- The Washington Times - Monday, December 7, 2009

BEIJING | China’s pledge to reduce its carbon emissions relative to the growth of its economy will not be binding or subject to international verification, Chinese officials say, casting doubts on the effectiveness of any agreements reached this week in Copenhagen.

Specialists on climate change agree that a key to success at the upcoming summit in the Danish capital will be whether China, the United States, India and the European Union can reach a deal reducing their combined emissions. Analysts are expecting the negotiations to result in a list of individual pledges and an agreement to continue talking in 2010.

China, the leading global carbon emitter, will account for about 29 percent of total global emissions by 2030, according to the U.S. Energy Information Administration.

China announced Nov. 26 that it would cut carbon emissions per unit of its gross domestic product (GDP) by between 40 percent and 45 percent by 2020 compared with 2005 levels. The pledge, however, raised many questions about how the reductions would be verified.

Xie Zhenhua, vice director of the National Development and Reform Commission (NDRC), China’s top planning body, said China’s carbon-intensity goals would be subject to domestic accountability systems that he did not specify. He said the goals would not be internationally binding nor subject to foreign verification.

The carbon goals will be part of China’s next five-year plan but won’t go into effect officially until 2011, when that plan begins and likely will take time to implement.

China will “reduce the speed of our emissions rise,” but still needs to balance environmental and economic factors, Mr. Xie said.

In addition, because China figures GDP based on industrial production, the cuts would not apply to sectors such as agriculture or transportation, analysts say.

According to the Beijing office of the World Wildlife Fund (WWF), China’s new policy - if fully implemented - would prevent about 4 billion metric tons of carbon dioxide from being released over the next decade, slowing the rate of emissions growth slightly but not markedly diverting China from its upward trajectory.

On Thursday, India announced a similar goal of cutting emissions intensity by 20 percent to 25 percent from 2005 to 2020. Like China, India’s carbon cuts would be relative to GDP.

A PricewaterhouseCoopers report released Dec. 1 said that the United States, the European Union, China and India would account for 63 percent of global carbon emissions between 2000 and 2050. The report also stated that at the current rate of emissions growth, the global “carbon budget” that needs to be met during that period to prevent the worst effects of climate change would be expended in the next 16 years.

The United States has proposed cutting carbon emissions by 17 percent below 2005 levels by 2030, and the European Union is committing to cuts of about 20 percent below 1990 levels during the same period.

Asked whether China would commit these domestic targets to a binding international agreement at Copenhagen, officials from the Chinese NDRC have repeatedly stated that these targets would be voluntary.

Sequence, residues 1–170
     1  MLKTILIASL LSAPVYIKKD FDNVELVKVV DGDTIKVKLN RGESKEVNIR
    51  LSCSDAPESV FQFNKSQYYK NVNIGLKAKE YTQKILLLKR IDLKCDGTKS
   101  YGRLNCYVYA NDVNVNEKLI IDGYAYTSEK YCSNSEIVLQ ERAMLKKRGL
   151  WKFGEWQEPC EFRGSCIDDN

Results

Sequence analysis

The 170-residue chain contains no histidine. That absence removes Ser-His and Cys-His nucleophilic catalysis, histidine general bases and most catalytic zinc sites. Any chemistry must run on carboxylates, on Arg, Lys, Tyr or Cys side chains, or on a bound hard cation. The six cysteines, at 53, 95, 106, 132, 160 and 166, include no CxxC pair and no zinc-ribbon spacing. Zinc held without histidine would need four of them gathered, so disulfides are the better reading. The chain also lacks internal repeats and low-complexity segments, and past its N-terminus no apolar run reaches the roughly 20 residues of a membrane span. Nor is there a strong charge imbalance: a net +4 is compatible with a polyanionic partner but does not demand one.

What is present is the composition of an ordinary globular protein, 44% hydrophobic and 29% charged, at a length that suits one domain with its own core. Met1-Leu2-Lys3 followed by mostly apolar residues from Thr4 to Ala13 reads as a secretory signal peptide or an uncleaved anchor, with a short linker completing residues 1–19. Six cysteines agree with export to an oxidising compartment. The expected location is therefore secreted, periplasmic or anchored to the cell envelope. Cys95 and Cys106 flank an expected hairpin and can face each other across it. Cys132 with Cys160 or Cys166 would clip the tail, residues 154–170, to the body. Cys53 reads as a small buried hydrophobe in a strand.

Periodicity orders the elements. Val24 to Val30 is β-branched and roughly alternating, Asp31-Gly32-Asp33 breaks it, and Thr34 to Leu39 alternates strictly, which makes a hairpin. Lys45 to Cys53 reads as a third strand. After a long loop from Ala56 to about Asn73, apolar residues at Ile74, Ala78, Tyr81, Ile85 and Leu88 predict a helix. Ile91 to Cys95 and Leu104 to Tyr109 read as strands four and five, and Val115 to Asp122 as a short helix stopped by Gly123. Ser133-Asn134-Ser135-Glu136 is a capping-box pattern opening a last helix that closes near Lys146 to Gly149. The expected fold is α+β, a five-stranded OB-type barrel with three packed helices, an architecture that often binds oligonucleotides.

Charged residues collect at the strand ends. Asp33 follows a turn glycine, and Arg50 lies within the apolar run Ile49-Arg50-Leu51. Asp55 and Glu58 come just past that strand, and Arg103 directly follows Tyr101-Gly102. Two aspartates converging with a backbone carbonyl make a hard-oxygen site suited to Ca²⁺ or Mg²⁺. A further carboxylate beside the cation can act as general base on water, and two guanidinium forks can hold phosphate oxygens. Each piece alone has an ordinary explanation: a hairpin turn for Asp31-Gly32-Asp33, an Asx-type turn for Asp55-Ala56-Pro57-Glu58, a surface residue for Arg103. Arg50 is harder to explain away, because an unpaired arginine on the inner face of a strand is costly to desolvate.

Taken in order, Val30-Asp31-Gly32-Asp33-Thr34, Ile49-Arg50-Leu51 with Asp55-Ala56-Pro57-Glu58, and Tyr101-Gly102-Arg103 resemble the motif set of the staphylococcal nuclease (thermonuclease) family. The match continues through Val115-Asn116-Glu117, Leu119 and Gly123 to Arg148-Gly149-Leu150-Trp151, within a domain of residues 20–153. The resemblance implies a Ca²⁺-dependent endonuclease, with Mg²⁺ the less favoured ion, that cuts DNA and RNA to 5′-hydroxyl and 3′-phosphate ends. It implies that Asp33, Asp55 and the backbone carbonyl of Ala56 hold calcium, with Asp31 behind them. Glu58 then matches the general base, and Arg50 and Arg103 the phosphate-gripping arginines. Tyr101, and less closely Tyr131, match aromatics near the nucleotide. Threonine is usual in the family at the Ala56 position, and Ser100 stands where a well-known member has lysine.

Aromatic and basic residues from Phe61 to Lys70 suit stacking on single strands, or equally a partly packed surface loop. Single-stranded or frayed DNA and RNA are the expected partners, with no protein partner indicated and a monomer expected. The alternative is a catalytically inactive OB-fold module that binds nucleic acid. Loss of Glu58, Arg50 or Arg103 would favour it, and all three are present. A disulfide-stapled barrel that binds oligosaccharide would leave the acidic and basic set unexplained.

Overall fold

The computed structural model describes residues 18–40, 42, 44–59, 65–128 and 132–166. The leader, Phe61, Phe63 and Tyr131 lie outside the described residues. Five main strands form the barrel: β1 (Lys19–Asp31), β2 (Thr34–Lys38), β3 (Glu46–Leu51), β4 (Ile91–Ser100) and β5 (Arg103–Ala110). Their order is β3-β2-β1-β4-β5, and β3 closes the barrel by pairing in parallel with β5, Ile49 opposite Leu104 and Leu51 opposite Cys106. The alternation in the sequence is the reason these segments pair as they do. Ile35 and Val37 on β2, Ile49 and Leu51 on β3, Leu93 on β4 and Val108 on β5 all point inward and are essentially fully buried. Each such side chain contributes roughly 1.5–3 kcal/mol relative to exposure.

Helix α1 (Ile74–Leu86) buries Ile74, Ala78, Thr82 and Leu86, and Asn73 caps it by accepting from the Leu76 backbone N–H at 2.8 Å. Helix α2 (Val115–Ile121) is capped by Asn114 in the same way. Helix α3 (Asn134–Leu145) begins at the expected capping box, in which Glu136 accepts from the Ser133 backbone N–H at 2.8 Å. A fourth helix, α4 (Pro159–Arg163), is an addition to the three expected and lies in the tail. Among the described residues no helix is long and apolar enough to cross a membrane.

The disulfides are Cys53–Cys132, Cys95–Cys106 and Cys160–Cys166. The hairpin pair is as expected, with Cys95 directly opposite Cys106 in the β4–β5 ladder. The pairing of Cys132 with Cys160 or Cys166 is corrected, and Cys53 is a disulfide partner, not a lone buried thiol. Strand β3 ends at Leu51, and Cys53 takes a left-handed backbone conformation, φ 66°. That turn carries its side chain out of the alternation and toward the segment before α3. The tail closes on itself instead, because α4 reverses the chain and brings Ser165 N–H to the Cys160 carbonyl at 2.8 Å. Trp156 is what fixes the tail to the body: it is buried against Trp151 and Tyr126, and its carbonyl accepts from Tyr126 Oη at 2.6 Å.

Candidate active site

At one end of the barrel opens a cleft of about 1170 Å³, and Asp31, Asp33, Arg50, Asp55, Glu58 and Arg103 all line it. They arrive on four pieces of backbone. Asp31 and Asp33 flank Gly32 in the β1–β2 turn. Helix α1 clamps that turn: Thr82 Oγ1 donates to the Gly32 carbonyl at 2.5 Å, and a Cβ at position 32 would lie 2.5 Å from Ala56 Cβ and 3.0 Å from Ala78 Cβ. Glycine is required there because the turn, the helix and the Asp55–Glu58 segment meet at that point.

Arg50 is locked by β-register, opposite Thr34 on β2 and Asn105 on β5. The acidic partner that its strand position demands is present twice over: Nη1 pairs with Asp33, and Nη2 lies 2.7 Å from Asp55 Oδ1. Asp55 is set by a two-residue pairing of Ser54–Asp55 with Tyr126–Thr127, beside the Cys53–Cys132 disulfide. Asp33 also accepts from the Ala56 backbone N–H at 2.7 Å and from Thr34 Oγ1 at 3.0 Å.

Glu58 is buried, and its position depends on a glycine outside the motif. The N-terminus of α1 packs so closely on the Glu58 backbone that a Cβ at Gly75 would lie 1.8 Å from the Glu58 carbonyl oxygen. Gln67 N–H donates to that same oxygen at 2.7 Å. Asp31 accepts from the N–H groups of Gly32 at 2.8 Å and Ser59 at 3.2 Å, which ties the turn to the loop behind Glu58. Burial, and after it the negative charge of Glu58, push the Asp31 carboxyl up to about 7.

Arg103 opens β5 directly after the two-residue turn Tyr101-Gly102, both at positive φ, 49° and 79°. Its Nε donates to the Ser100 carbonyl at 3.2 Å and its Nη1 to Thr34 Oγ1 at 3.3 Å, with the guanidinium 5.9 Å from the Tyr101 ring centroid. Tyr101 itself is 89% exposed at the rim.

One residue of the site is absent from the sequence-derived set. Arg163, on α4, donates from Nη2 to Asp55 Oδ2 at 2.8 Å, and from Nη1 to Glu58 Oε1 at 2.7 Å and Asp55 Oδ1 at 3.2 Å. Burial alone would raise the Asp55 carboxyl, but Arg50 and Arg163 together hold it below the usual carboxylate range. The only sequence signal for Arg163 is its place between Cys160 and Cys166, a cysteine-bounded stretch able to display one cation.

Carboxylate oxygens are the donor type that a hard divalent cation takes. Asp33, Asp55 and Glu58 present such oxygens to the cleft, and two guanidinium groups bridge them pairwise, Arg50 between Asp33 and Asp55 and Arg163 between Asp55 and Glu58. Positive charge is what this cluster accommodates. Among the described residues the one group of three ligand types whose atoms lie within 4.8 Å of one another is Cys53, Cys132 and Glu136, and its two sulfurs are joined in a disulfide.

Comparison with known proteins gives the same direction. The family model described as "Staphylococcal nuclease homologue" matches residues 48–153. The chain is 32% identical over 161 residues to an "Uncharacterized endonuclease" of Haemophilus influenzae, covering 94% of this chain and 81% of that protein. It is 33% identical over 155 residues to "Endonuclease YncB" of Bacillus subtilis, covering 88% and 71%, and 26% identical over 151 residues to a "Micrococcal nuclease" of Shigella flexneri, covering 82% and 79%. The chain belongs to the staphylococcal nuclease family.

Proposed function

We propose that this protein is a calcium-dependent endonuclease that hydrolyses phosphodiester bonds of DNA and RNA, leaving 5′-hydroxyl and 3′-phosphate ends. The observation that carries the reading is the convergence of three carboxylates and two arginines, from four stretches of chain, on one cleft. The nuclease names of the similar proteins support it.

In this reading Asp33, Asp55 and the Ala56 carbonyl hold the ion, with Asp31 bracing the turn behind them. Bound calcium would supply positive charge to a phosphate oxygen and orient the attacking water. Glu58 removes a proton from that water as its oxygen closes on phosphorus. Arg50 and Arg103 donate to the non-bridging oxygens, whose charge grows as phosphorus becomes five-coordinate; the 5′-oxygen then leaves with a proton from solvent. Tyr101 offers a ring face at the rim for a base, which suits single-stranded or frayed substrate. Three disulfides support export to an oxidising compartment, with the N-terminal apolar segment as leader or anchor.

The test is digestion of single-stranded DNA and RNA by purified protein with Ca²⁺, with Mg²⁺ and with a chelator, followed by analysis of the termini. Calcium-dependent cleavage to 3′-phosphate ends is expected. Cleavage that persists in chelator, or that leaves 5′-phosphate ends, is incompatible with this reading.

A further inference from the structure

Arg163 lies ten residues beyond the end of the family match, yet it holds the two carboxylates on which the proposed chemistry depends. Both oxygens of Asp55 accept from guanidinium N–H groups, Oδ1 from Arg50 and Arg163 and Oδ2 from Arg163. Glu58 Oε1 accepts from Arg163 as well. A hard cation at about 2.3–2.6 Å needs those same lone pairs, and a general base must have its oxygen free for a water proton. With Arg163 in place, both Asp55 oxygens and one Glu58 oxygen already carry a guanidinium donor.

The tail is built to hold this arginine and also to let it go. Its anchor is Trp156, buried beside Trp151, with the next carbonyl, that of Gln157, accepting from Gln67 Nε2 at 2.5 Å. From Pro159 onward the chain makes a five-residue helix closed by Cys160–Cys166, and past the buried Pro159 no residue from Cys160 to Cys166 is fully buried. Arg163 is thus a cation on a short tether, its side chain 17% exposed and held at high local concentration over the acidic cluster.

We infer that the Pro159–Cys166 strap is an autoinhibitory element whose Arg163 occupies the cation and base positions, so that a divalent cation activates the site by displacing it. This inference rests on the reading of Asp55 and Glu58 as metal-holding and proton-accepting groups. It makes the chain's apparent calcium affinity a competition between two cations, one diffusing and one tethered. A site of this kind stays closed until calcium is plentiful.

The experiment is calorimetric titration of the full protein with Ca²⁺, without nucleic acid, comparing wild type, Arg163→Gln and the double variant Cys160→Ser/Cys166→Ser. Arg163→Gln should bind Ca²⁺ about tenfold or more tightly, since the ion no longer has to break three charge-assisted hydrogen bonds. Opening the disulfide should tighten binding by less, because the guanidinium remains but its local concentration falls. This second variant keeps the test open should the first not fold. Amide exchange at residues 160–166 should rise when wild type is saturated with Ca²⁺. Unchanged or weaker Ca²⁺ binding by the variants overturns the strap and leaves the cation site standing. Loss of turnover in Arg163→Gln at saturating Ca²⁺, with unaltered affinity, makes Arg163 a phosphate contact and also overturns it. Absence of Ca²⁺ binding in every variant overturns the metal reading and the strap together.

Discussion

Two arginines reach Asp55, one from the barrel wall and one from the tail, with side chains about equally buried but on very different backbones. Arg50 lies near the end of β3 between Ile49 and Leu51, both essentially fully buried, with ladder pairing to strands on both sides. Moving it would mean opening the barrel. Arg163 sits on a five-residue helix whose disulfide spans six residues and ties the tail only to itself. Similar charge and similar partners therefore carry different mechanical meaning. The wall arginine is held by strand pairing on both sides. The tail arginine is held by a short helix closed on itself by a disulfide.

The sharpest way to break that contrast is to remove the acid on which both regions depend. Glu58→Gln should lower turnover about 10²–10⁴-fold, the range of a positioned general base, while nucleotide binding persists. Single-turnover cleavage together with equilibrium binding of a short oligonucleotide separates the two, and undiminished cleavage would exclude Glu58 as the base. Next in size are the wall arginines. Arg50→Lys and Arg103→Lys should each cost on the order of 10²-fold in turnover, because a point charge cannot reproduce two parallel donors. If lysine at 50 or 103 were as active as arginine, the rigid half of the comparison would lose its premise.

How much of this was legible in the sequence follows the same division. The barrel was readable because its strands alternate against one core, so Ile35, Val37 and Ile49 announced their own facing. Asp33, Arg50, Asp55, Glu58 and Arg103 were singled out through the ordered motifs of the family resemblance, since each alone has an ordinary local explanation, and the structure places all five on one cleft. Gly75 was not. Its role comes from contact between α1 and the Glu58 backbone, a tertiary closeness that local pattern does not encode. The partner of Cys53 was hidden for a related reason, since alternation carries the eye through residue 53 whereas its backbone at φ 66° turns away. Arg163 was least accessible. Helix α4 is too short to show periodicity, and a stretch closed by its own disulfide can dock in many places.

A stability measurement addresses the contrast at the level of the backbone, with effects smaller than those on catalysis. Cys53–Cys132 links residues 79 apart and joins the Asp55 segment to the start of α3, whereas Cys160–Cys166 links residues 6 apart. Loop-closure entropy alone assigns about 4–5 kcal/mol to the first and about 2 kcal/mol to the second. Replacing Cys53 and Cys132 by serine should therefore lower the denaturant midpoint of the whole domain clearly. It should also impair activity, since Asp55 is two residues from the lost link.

On Nov. 25, China’s top climate-change negotiator, Yu Qintai, called on developed countries to take the lead in committing to binding targets at Copenhagen and make headway on technology-transfer agreements and financial assistance to help developing countries cut carbon emissions and adapt to climate change.

“It is unfair to ask China, India and other developing countries to shoulder the same responsibility as developed countries,” Mr. Yu said.

China is still industrializing and urbanizing rapidly. Though estimates vary, the International Monetary Fund says China’s per-capita GDP was about $6,000 in 2008, compared with $47,500 in the United States.

“China still needs about 30 years to reach the levels of urbanization in developed countries,” said Chen Hongbo, a sustainable-development specialist at the Chinese Academy of Social Sciences.

“More people will move into cities, more buildings will be built, more factories constructed, more cement, steel and energy will be consumed,” Mr. Chen said. “If China isn’t able to invest more in clean energy and isn’t able to use advanced technologies [to reduce carbon-emissions output], the peak will be delayed.”

Mr. Chen said China could reach its carbon-emissions peak by 2030, but this would mean a greater commitment to technology transfer to China by developed countries.

Yang Fuqiang, a climate-change specialist at WWF in China, said most scenarios for an early peak in carbon emissions would mean a major commitment to such technologies as carbon capture and storage, something that has not been tested on a large scale anywhere in the world.

Looking further ahead, if China eventually commits to binding carbon-emissions cuts, it would need a system that accurately verifies its carbon inventory and its reductions across all sectors, not just within industry, something many analysts say China doesn’t have the capacity to do.

In November, the NDRC and the U.S. Environmental Protection Administration signed a memorandum of understanding to help China build its capacity to create carbon inventories.

“The real need is to develop a system that can be used and updated on a regular basis,” said Deborah Seligsohn of the World Resources Institute.

Since many analysts often question the accuracy of China’s GDP figures, a carbon-intensity target that is tied to GDP has also been raising questions. In addition, most provincial governors and mayors are evaluated on GDP performance and energy intensity per unit of GDP performance, and likely will be graded for their carbon-intensity performances as well.

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